From the Bible Mathew Chapter 5 1-12
Blessed are the poor in spirit, for theirs is the kingdom of heaven.
Blessed are they who mourn, for they will be comforted.
Blessed are the meek, for they will inherit the land.
Blessed are they who hunger & thirst for righteousness, for they will be satisfied.
Blessed are the merciful, for they will be shown mercy.
Blessed are the clean of heart, for they will see God.
Blessed are the peacemakers, for they will be called children of God.
Blessed are they who are persecuted for the sake of righteousness, for theirs is the kingdom of heaven.
Blessed are you when they insult you & persecute you & kind of evil against you because of me.
Rejoice & be glad, for your reward will be great in heaven.
Thus they persecuted the prophets who were before you.
- I've been reading recently that it was not that a man might claim divinity that caused so much trouble in the time Jesus lived. Pharaohs and Kings were thought to be god on earth or to have right to rule as a son of god in Egypt, Rome and most other places after all. It was because Jesus the lowly, common man claimed to be a son of god and that other common people were brothers and sisters through him and therefore also children of god that branded him as a revolutionary troublemaker in Judea. I wonder if living the inherent worth & dignity of each person also brand me as a radical today?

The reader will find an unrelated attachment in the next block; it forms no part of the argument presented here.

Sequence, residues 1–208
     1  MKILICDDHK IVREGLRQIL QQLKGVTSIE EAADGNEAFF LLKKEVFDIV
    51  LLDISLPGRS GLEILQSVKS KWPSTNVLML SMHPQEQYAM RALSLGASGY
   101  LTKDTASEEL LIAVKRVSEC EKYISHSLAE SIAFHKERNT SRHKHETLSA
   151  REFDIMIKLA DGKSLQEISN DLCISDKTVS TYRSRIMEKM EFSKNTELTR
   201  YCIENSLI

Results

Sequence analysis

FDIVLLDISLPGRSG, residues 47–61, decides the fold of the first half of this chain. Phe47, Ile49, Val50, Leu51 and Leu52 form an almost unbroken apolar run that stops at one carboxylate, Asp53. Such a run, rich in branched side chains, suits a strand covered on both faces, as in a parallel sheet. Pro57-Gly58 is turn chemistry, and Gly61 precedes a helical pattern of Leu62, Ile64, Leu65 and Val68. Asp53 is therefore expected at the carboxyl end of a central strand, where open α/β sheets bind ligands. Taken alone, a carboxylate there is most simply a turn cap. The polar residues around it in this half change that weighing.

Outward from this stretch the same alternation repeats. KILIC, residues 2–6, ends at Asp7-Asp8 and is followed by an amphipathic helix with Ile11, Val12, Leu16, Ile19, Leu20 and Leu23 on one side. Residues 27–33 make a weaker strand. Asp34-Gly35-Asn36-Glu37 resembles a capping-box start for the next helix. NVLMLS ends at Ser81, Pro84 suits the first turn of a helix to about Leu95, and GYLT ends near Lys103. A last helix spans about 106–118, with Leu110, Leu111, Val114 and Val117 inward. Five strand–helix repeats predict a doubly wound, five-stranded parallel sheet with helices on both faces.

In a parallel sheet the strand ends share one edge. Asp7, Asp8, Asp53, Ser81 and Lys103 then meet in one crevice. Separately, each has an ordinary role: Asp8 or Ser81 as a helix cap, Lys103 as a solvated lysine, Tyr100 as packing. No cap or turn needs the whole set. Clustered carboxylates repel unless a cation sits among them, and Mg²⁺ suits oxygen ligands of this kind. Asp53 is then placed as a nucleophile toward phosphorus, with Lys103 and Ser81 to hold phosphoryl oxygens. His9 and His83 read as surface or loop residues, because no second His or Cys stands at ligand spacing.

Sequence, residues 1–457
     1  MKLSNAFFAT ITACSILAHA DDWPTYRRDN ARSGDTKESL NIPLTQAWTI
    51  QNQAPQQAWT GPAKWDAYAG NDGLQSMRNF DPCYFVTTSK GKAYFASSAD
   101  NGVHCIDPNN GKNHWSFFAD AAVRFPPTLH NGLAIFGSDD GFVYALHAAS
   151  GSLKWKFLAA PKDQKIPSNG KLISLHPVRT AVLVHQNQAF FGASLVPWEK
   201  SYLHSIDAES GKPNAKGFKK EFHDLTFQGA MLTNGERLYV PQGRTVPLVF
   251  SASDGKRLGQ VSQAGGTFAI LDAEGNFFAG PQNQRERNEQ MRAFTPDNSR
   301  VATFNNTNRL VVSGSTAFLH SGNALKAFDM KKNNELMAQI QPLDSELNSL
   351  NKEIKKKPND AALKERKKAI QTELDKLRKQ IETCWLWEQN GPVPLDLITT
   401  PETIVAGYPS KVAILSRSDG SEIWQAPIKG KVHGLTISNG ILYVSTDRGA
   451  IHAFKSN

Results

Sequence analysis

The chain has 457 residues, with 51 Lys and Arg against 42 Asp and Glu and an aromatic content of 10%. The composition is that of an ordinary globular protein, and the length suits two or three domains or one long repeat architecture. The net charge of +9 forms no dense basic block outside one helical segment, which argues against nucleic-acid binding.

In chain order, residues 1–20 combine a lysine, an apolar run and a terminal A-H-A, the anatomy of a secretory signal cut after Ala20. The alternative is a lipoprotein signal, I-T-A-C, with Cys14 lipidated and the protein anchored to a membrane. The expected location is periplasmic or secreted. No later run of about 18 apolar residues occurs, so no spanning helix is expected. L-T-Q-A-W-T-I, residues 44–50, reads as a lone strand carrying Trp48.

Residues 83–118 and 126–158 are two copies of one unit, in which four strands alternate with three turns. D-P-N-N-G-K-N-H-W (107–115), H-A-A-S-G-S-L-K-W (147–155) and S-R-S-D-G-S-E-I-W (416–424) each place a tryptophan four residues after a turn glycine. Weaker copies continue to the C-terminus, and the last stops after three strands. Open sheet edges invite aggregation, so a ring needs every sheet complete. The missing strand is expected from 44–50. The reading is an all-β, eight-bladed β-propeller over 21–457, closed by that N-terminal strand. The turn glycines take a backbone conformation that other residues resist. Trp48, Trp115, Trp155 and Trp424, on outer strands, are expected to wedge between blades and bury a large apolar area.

- Contemporary prophets that I think of when my ideas are laughed at include Martin Luther Kin Jr., Clara Barton, and Christopher Reeve. Who are your prohets?
On Crime and Punishment
Oftentimes have I heard you speak of one who commits a wrong as though he were not one of you, but a stranger unto you and an intruder upon your world.
But I say that even as the holy and the righteous cannot rise beyond the highest which is in each one of you, So the wicked cannot fall lower than the lowest which is in you, also.
And as a single leaf turns not yellow, but with the silent knowledge of the whole tree, So the wrongdoer cannot do wrong without the hidden will of you all.
You are the way and the wayfarers.
And when one of you falls down he falls for those behind him, a caution against the stumbling stone, Ay, and he falls for those ahead of him, who though faster and surer of foot, yet removed not the stumbling stone...
You cannot separate the just from the unjust and the good from the wicked; For they stand together before the face of the sun even as the black thread and the white are woven together, And when the black thread breaks, the weaver shall look into the whole cloth, and he shall examine the loom also...
- At the office, it is easy for me to fall into the habit of becoming impatient with the person who has an idea, comment etc. that really is wrong for what my team is trying to accomplish. But when I reflect on this principle that each person has inherent worth and dignity, it becomes a responsibility of mine to respectfully hear them out and then talk through why the idea is not right, not why the person is not right. How do you put this the idea of people having inherent worth and dignity to use every day
- I wonder if t Kahlil Gibran's fast and the sure-footed being responsible for removing the stumbling block for those behind them apply today in cases such as Guantanamo or Capital Punishment?